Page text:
Temporary power consultancy to the events industry

Services

Electrical Safety

Management

it is important to manage electrical safety and there are plenty of guides and standards for the design of protection systems. However it is also necessary to ensure that a design is done, verified and documented. And this is where the management aspect comes in. For a simple electrical installation, the management is likely ot be straightforward. But when a venue might host shows or events organised by others the lines become blurred, especially for long running west-end shows. Equally festivals and similar events usually have multiple contractors, each organising their own power distribution with a backbone and supplies put in by a different contractor. Existing legislation such as the Management of Health and Safety at Work Regulations and the Construction, Design and Management Regulations require that work activities are co- ordinated. With electrical systems, that is very important: the safety of a contractors system may well rely on the protection installed by others. For events this is outlined in BS 7909:2011 Code of practice for temporary electrical systems for entertainment and related purposes. It requires that all events have an SPR working with the production team to ensure the electrical systems are safe and suitable. In other words, that they have been designed and put together correctly. Venues and rental companies also should have management policies relevant to what they undertake. If they hire equipment, how often is it checked? Who’s using it and how often? What level of risk is there to the equipment? Venues also need to be aware of their duties to manage the electrical systems and infrastructure they own or are responsible for. It may all be outsourced to a Facilities Management contractor, but the contractor should be aware of what is expected of them.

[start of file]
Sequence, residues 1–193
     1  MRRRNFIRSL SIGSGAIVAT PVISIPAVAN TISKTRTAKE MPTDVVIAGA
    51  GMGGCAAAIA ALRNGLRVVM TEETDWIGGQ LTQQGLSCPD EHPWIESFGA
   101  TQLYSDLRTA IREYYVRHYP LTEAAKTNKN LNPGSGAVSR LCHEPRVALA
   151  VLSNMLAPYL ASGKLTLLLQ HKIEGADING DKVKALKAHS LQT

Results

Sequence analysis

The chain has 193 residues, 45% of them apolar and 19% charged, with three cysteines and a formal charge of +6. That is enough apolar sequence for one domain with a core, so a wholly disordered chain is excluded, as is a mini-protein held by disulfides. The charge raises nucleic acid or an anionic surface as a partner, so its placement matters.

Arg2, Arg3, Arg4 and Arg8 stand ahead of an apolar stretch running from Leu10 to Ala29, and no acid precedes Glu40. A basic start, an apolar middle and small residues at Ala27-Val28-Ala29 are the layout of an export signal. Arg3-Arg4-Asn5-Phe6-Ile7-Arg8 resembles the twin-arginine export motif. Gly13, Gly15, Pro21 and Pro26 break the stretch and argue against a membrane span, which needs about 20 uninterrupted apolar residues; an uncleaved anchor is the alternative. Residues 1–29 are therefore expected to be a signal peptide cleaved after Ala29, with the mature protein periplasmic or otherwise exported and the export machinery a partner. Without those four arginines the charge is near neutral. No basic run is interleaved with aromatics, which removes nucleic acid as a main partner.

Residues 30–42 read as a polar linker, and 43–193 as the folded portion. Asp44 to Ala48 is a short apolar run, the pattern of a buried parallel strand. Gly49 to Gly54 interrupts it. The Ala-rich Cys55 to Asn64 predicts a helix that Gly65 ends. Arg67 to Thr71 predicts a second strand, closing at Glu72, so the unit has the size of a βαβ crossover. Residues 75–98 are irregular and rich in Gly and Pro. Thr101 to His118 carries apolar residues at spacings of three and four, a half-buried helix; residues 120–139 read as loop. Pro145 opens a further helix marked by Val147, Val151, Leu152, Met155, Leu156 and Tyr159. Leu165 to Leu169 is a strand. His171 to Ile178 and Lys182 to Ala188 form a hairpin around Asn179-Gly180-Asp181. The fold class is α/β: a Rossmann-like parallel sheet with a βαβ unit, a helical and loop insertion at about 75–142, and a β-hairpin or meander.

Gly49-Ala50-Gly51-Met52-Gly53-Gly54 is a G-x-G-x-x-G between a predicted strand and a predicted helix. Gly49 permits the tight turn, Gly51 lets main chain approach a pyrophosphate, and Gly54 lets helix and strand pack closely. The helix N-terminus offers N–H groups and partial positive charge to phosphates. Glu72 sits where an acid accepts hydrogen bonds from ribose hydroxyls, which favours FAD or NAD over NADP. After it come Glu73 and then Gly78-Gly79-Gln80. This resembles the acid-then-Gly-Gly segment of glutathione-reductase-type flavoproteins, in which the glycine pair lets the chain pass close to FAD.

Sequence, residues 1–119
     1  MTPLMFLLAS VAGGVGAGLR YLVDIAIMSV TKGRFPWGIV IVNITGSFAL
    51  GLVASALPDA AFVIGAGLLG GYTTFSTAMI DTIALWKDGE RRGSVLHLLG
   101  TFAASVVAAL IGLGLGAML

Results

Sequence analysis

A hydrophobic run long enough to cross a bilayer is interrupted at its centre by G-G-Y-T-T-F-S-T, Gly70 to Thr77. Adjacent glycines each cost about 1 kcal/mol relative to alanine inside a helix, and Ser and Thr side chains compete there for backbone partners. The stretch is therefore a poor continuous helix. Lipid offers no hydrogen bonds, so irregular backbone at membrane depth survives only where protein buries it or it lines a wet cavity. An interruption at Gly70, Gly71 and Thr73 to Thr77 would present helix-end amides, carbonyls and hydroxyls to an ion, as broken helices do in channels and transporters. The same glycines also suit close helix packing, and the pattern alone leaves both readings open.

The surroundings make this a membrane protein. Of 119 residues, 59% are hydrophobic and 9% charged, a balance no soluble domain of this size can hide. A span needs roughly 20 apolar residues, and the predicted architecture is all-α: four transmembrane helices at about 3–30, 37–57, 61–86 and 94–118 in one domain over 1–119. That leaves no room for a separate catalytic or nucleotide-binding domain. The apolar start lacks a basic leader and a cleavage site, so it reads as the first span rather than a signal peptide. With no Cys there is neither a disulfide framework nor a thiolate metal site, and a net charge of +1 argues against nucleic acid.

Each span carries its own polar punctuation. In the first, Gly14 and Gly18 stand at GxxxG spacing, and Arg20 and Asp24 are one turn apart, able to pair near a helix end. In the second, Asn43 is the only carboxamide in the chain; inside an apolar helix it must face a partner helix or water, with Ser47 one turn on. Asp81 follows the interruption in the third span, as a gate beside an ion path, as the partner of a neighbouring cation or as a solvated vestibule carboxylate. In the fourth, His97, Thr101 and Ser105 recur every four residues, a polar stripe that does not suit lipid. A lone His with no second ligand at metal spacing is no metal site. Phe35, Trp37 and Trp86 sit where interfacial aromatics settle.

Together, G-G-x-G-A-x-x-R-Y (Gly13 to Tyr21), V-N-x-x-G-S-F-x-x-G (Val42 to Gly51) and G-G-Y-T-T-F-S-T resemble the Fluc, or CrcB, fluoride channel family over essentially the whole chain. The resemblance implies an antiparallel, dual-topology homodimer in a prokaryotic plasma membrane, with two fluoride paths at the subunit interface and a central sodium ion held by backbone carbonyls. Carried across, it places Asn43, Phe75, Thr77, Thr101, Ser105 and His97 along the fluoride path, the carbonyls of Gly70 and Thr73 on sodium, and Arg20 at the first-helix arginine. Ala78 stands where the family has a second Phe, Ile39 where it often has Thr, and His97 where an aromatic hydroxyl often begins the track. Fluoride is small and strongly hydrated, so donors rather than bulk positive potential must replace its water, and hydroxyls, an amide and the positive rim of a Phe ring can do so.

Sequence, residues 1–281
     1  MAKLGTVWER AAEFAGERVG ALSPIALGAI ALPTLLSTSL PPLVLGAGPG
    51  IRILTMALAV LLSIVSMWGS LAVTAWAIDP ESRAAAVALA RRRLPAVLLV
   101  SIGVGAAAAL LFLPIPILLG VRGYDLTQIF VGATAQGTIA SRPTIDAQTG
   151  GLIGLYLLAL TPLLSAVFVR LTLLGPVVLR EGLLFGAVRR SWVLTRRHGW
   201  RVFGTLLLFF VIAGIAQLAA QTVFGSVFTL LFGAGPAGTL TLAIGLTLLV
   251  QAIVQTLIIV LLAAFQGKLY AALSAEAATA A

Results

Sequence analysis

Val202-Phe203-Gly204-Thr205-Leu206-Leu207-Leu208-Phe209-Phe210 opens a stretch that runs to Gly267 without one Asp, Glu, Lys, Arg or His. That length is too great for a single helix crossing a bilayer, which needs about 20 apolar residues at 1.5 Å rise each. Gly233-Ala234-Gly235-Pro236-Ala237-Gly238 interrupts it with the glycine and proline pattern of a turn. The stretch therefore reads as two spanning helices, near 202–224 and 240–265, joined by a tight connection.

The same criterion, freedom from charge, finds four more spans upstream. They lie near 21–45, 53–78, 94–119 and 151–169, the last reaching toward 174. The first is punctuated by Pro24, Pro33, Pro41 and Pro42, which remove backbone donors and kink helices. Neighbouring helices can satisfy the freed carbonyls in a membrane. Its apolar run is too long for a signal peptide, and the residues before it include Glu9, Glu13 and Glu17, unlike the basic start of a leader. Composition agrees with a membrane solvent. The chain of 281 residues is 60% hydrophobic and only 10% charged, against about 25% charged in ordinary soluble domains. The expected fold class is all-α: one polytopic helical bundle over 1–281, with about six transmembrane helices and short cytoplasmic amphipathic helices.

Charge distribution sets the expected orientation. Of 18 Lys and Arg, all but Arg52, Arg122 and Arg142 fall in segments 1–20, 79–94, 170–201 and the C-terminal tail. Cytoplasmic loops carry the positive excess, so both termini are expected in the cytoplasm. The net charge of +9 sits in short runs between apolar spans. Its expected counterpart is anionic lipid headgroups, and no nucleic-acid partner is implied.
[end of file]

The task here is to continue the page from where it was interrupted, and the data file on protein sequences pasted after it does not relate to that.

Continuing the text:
Digital Thermography

Analysis of equipment using thermography can be a tangible cost saving measure. Early on-set of problems in installations such as poorly tightened connections are easily checked - often with no need to disconnect power supplies. Preventative maintenance can then be planned and costs of equipment failure (both hardware and event cancellation) can be saved. Event cancellation and delay can cost all the production team and promoters money. As modern equipment puts more of a hidden strain on temporary electrical distributions systems, failure of cabling and infrastructure can strike at any time. Lost neutrals caused by harmonic overheating are becoming more common for example and while proper system design can help mitigate these measures, thermography is a tool that can rapidly help check and diagnose systems in real time,   Thermography is a tool that is incredibly useful for both installation condition monitoring as well as for event power systems.  

Power Quality Analysis

The plethora of modern energy efficient equipment in use today (from LED lights and video screens to digital amplifiers) puts a hidden strain on both permanent and temporary power infrastructure - while the overall power consumption may be lower, power quality issues are getting worse. Phenomena such as leading power factors are causing new problems for generator suppliers, harmonics can give rise to overheating neutral conductors, poor use and understanding of RCDs means that such devices do not always provide the protection they are expected to. Venues have obligations with the electricity supplier to keep power quality disturbances to a minimum of which many are unaware. Problems can range from the innocuous such as buzzing dimmers to unexpected operation of circuit breakers or overheating of equipment such as motors and cables. Efficiency can also be problematical leading to spending more money on diesel or the network operator than necessary.

Electrical Installation

Condition Reports (EICR)

For buildings with permanent

installations of electrical

infrastructure for temporary

events we can offer EICRs as

required of the IET Wiring

Regulations. Formerly referred to

as 'periodic inspection reports'

they are typically conducted every

five years and are aimed at

ensuring the electrical installation

of a building continues to be safe

and serviceable.